He adds: "In the many years since the Bricktops' dissolution, opportunities for female musicians have improved. In 2010, it was estimated that the membership of America's top 15 orchestras - once almost exclusively male - had become 35 percent female."
To learn more, Evan recommends:
One of the country's most popular bandleaders during the 1930s and '40s was a native of Linton, Ind. He grew up in the town in the far-western part of the Hoosier state, then enjoyed great success at nightclubs during the Big Band era.
The native Hoosier also was a hit on radio as the sidekick to comedian Jack Benny during the 1930s and '40s. Eventually, the bandleader starred in his own radio show with his wife, a glamorous movie star. He also appeared in more than a dozen Hollywood films, often playing a character like himself.
But his best-known connection to the movies may have been serving as the voice of an animal in a Disney cartoon movie. The bandleader died in 1995 at age 91.
Question: Who was he?
The call-in number is (317) 788-3314. Please do not call into the show until you hear Nelson pose the question on the air, and please do not try to win the prize if you have won any other prize on WICR during the last two months.
The prize pack includes two tickets to Beef & Boards Dinner Theatre and two passes to the Indianapolis Zoo, courtesy of Visit Indy, and four passes to the Indiana Experience, courtesy of the Indiana Historical Society.
Guest Roadtripper Kisha Tandy, a curator at the Indiana State Museum, suggests a Roadtrip to Roberts Settlement, which once was a flourishing farm community of African-American pioneers from North Carolina who moved north to make their home in Jackson Township in Hamilton County.
The history of Roberts Settlement sheds light on a group of individuals who owned land and established communities in Indiana before 1850.
The first residents to Roberts arrived in 1835 as free blacks. The settlement included homesteads and a school and church. Descendants continue to meet annually on July 4th for the Roberts Settlement Annual Homecoming to celebrate their family and heritage. And one always can stop by to look at the Roberts Chapel Church and Cemetery.
Kisha also recommends the book Southern Seed, Northern Soil (IU Press, 2002) by Stephen Vincent about African-American farming communities in the Midwest. She also reports that a documentary has been made about the topic; learn more on Saturday's show.
Your Hoosier History Live! team,
Garry Chilluffo, creative consultant
Acknowledgments to Monomedia, Visit Indy, WICR-FM, Fraizer Designs, Heritage Photo & Research Services, Derrick Lowhorn and many other individuals and organizations. We are an independently produced program and are self-supporting through organizational sponsorships and individual contributions. We do not receive any government funding. Visit our website to learn how you can support us financially. Also, see our Twitter feed and our Facebook page for regular updates.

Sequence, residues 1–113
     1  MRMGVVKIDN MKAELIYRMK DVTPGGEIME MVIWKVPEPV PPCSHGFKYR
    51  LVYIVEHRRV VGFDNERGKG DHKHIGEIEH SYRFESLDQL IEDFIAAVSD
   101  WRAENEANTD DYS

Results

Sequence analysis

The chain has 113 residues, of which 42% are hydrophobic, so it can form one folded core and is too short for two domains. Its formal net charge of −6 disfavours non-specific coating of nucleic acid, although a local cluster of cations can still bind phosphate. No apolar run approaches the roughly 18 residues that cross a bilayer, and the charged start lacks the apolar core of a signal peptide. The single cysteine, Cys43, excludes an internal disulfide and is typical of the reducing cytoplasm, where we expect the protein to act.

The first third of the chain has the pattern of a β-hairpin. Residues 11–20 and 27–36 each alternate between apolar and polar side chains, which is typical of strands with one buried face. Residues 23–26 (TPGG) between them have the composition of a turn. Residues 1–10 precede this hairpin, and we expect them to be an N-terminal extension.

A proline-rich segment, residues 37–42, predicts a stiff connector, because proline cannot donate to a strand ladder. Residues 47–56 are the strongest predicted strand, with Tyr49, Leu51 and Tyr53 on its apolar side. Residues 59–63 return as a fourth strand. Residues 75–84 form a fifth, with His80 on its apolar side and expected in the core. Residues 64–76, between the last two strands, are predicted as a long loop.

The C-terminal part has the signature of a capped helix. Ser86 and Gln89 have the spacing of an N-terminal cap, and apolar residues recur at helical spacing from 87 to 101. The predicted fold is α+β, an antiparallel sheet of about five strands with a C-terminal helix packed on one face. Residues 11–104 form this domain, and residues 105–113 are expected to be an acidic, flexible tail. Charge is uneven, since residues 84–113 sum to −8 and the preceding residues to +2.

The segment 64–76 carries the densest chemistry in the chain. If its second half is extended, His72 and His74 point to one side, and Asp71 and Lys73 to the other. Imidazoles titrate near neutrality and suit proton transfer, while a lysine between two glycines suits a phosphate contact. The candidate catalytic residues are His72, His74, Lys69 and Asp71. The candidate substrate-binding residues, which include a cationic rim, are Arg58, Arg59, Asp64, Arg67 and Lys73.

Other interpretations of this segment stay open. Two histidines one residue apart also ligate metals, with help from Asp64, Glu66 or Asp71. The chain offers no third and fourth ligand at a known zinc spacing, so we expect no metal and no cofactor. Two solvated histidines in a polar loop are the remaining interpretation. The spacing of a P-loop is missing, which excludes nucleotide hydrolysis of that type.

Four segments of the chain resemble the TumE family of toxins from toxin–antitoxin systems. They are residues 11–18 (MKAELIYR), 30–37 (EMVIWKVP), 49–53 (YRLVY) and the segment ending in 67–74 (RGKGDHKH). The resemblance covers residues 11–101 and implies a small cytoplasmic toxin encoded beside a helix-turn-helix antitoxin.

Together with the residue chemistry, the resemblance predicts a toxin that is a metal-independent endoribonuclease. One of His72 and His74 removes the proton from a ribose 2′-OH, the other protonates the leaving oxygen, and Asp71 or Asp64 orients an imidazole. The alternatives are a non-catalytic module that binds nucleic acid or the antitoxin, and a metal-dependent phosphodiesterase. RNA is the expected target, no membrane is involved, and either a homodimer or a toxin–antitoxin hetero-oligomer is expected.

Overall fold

Aug. 16 show
"I think in Indiana, as in many places, it's only been in the last 30 to 40 years that we've chosen to look outside of myth ... to truly understand the first peoples who lived in our state."
The Lenape lived in the woodlands of east central Indiana from the 1790s into the early 1820s; during that time, they founded villages or trading posts that evolved into towns, including Anderson, Muncie and Strawtown.
Under the terms of the Treaty of St. Mary's negotiated in 1818, the Lenape gave up their claims to Hoosier soil and, as part of what has been called a "forced migration," moved a few years later to Kansas.
Eventually, the Lenape were moved again, this time to Oklahoma, the tribe's home state in modern times.
Considering that the Lenape had lived in New York, New Jersey, Pennsylvania and Delaware for generations even before being relocated to the Indiana Territory, is it any wonder that one expert in the documentary calls them "possibly the most-moved group in American history"?
To explore the tribe's life on Hoosier soil and impact here, Nelson will be joined in studio by two guests:
During the early 1800s, Lenape leaders in Indiana included Chief William Anderson, for whom the largest city in Madison County is named. The Lenape who moved to Kansas included Anderson's daughter, Mekinges, who became the first wife of frontier entrepreneur and fur trader William Conner, namesake of Conner Prairie. They had six children, all of whom moved with their mother to Kansas; Conner remained in Indiana, remarried (a white woman) and had more children with his second wife.
During one of the first Hoosier History Live! shows after our debut in January 2008, we explored some aspects of the Lenape (Delaware) tribe in a show about the publication of Long Journey Home (Indiana University Press, 2008). It's a book of oral histories and color photos put together by Indianapolis-based author Rita Kohn and photojournalist Jim Brown.